School of Education


Doctor of Education in Educational Leadership (EdD)


David Gorman


Grit, Self-efficacy, Classroom Management, Student Engagement, Teacher Retention, Recruitment


Education | Educational Leadership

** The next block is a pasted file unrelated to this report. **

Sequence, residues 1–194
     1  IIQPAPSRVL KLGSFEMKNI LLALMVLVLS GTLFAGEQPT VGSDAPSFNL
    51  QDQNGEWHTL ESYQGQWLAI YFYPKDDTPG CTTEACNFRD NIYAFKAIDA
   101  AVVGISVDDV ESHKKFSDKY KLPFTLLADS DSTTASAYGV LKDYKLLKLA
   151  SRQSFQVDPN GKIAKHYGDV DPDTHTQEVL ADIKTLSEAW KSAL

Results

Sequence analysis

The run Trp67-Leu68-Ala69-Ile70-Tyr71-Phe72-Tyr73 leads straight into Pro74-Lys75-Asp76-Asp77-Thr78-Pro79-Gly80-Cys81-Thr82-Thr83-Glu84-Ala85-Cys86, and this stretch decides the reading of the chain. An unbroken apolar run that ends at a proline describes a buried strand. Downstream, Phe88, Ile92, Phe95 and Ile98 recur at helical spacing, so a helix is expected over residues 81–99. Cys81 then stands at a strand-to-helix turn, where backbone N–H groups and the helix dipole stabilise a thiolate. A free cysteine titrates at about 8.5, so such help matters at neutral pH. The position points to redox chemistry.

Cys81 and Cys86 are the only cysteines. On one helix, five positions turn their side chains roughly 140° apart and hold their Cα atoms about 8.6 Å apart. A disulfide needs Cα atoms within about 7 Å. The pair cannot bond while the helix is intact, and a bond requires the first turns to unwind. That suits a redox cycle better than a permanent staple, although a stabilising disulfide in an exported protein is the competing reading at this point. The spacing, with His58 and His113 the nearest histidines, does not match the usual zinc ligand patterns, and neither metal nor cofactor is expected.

Teaching as a profession is becoming more and more difficult. School districts are facing a teacher shortage, creating greater focus on recruitment and retention efforts. The majority of these efforts focus on novice teachers (within the first five years) providing support and assistance to help keep them in the classroom. Less effort is placed upon assisting the veteran teacher in maintaining effort in the classroom and avoiding burnout. Those who experience burnout or become disheartened show a reduction in effort negatively impacting student achievement. The purpose of this correlational study was to explore the relationship between teacher passion and perseverance (grit) and teacher sense of self-efficacy in classroom management and student engagement among high school teachers. This study was grounded in Bandura’s self-efficacy theory, Deci and Ryan’s self-determination theory, and Duckworth’s grit theory. The participants included 92 teachers drawn from a convenience sample across the four high schools in a large district in central South Carolina. Data collected from the Grit-S Scale and Teacher Self-Efficacy Scale was analyzed utilizing a product-moment correlation coefficient (Pearson’s r) to answer the questions of the relationship between grit and self-efficacy in classroom management and student engagement. This study increased the body of knowledge in the research of these constructs among veteran teachers.